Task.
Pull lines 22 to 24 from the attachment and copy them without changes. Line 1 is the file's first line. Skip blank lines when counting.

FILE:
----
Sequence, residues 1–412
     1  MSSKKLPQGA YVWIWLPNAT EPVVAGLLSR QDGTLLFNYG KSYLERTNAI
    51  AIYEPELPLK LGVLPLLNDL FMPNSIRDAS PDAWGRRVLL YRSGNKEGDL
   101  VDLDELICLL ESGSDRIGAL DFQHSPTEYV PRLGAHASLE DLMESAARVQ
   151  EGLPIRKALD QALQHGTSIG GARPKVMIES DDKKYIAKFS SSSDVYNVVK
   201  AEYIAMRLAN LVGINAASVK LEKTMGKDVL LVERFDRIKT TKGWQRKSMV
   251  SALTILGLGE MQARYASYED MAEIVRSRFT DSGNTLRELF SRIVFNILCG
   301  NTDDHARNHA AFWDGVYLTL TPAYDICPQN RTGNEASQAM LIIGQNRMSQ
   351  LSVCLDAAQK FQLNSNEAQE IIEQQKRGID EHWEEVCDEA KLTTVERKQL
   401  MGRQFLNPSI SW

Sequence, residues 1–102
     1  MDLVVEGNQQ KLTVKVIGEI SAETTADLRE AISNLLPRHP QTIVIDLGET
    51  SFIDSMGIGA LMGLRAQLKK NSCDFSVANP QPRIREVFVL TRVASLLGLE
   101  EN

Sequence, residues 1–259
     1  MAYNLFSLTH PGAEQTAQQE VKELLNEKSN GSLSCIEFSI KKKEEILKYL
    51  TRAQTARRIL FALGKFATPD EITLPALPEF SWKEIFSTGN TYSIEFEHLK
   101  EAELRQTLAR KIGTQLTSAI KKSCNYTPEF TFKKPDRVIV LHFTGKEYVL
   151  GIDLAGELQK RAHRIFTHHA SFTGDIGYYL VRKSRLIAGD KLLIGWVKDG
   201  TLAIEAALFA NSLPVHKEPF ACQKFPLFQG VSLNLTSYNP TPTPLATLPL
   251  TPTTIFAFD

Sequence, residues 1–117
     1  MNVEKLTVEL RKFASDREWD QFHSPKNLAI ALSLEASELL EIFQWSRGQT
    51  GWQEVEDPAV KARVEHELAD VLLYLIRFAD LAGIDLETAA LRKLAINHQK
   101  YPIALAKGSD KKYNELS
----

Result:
Sequence, residues 1–117
     1  MNVEKLTVEL RKFASDREWD QFHSPKNLAI ALSLEASELL EIFQWSRGQT
    51  GWQEVEDPAV KARVEHELAD VLLYLIRFAD LAGIDLETAA LRKLAINHQK